Ch-ch-ch-changes

Over the past month, I’ve been working hard on my historic railroad mapping project, which is doing well over on Kickstarter. For sale are also 12×12 to 24×24 prints of the Northwestern Interurban map. If there’s enough demand, when the store opens up in May I’ll also include prints of the Highway 101 Strip Map and, if the project ever finishes, the North Bay Bus Map.

That’s not all I’ve been up to. I married a beautiful linguist, been accepted to graduate school, scrambled to find the money to fund said graduate school, and become involved to some degree in developing world urban policies. (Kinshasa and the Democratic Republic of Congo is an especially fascinating story.)

Of course, this has used up a great deal of time, and so I haven’t been able to update this blog as much as I ought to have. There is no shortage of issues to discuss, from the gorgeous new renderings of Whistlestop’s development proposal to Sausalito’s battle with transit, ferries, and tourists.

On top of all that, there is research out about the multiplier effects of transit-oriented design that I’ve been sitting on since February, a proposal for an on-street bike path from San Rafael to The Hub I’ve been sitting on since last year, and more. There’s so much to cover and so little time.

Marin County is fascinating not simply because of its place as my family home but also because its challenges are the challenges of suburbs around the country writ small. We avoided many of the problems plaguing many of America’s new suburbs but are reticent to tackle our own.

Next month, The Greater Marin will reopen on a new site, theGreaterMarin.org, advertisement-free and integrated with a store to purchase prints of the various mapping projects (the good ones) I’ve done over the years.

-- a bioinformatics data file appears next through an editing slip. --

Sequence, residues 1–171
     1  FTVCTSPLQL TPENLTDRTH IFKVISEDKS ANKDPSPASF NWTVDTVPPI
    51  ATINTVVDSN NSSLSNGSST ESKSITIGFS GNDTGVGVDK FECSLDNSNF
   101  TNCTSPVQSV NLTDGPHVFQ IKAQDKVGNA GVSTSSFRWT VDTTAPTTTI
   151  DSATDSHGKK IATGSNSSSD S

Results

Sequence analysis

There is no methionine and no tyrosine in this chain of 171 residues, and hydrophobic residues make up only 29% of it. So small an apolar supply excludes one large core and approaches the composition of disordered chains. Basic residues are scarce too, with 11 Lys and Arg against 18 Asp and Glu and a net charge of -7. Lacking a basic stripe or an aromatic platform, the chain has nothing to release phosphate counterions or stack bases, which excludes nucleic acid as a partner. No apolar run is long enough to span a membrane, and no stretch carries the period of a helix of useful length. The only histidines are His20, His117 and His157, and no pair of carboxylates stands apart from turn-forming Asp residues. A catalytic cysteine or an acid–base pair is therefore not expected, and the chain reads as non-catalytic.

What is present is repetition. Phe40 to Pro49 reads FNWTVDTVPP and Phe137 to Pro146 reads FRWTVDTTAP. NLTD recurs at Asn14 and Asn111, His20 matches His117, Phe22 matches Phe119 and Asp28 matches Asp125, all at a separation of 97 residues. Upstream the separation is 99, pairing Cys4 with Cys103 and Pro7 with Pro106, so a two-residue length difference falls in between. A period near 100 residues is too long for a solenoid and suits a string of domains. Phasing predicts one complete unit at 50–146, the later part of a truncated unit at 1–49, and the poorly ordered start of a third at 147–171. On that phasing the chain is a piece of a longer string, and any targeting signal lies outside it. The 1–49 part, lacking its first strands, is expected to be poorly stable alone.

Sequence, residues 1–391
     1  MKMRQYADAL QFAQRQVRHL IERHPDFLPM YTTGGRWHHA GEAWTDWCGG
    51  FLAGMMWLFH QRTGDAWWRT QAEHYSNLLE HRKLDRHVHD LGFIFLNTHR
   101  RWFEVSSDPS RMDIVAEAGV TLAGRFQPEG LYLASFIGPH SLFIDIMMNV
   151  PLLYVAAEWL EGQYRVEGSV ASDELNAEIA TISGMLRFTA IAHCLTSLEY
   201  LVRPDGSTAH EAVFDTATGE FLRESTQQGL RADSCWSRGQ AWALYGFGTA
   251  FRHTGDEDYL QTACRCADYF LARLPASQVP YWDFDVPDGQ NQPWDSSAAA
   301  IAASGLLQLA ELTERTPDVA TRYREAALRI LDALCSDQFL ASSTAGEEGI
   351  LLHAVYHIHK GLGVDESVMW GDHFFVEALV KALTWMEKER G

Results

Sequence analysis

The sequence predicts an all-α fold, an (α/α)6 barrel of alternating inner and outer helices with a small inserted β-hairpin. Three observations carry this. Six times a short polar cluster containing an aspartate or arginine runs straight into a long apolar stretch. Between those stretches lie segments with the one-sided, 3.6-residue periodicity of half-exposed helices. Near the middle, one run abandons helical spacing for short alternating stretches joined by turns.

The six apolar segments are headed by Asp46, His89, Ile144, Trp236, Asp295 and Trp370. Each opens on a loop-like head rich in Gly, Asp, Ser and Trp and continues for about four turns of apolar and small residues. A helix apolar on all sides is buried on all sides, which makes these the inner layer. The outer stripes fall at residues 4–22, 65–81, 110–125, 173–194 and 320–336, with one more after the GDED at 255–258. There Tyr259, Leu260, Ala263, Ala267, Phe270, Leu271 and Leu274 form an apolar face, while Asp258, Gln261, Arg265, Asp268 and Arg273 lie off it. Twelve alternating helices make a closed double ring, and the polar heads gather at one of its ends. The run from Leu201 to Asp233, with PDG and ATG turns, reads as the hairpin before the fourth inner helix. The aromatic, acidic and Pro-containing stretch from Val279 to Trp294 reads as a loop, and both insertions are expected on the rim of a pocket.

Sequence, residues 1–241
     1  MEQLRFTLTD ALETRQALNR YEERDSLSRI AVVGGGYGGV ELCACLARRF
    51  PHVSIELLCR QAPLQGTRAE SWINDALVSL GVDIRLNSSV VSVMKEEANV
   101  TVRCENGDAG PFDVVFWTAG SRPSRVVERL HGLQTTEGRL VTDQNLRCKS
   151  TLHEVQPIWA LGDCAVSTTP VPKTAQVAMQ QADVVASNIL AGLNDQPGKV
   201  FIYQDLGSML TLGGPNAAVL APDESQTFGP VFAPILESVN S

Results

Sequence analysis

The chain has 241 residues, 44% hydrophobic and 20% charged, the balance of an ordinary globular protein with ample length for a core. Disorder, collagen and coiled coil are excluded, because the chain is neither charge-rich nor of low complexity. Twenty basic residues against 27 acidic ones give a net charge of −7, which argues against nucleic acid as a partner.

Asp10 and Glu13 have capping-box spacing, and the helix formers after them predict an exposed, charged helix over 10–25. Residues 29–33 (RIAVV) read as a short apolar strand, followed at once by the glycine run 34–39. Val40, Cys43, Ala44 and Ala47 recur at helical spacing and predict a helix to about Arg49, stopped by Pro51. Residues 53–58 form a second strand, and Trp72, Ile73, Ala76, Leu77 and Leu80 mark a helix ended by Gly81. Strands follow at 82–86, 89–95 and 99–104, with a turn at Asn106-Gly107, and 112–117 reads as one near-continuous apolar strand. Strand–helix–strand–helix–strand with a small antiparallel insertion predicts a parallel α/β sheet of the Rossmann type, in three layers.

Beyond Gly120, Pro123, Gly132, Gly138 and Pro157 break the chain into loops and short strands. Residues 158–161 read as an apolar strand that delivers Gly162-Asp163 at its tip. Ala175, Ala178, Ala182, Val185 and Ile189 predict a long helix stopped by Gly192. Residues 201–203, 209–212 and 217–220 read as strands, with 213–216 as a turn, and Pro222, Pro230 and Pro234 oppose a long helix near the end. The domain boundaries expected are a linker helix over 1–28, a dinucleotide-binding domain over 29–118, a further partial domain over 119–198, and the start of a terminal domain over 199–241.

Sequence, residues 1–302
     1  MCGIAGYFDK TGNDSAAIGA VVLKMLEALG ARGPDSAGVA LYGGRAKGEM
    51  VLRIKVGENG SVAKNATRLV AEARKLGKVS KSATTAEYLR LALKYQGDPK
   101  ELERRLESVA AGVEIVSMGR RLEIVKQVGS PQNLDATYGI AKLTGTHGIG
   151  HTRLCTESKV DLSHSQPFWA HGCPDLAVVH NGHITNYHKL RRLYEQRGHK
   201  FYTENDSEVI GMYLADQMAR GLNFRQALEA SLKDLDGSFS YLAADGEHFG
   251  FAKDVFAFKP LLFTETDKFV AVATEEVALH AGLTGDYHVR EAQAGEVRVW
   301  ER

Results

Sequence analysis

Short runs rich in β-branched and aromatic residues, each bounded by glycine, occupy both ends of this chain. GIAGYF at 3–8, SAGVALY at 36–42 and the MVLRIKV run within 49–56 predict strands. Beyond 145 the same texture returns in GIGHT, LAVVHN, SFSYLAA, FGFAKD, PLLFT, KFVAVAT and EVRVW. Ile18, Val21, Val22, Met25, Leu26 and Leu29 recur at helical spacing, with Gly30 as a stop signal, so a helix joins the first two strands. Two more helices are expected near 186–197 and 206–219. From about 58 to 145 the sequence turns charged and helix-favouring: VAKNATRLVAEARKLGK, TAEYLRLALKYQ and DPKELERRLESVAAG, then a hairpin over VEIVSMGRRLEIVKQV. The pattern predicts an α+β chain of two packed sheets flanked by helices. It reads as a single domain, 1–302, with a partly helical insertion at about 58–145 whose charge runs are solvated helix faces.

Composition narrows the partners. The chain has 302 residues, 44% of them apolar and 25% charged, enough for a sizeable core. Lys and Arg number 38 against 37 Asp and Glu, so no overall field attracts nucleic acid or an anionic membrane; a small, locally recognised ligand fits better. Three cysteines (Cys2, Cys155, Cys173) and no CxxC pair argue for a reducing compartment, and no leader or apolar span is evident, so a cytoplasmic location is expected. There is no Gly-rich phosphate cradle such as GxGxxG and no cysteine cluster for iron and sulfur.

TGM has been on an unplanned hiatus, but I’m not going anywhere.

Mapping the derelict lines of the Bay Area

The old railroads that once defined the Bay Area and the country at large are typically just hinted at. Some lines only operate freight; others, overgrown rails, but many are just sinewy lines on a parcel map. While we do have old maps showing where the rails were, these are rail maps, not service maps.

Some years ago, I used old timetables to create a service map of Marin’s Northwestern Pacific Interurban, which brought to life a system that has been gone for over 70 years. This year, I decided to do the same thing for the whole of the Bay Area, and I’m launching a Kickstarter to fund prints and maps of other regions of the country.

The first map, for the Bay Area, shows every train published in the 1937 Official Guide to the Railways that began within the 9-county Bay Area. After lines leave the Bay Area, the map shows their last convergence points before major hubs like Los Angeles. If you want a print, head on over to the Kickstarter page.

Historic Railways of the Bay Area

Historic Railways of the Bay Area. Click to enlarge.

The maps makes clear how much of a legacy these old rail companies left to the region. BART’s southern East Bay lines largely follow the Western Pacific right-of-way, while Amtrak still follows the Southern Pacific, including the A5/A6 route to San Jose. The map also shows some of the oddities leftover from competition, like the parallel Amtrak and BART lines, sometimes just a few blocks from one another.

To the north, BART’s Bay Point line follows the Sacramento North, while its route to Richmond blends ATSF and Southern Pacific rights-of-way. Caltrain still runs on Southern Pacific track, as does ACE.

I don’t think anything runs on the dinky little Bay Point & Clayton right-of-way, which itself is a fun story.

If you like railroads, and you like cool maps, then you really will want to sponsor. Seriously, $40 is pretty good for a 24×24 poster.

I also have prints of my map of Marin’s Northwestern Pacific Interurban. Next up is the Washington-Baltimore region. I’m not sure what’s next, but I’m really excited to see what comes out of the mist.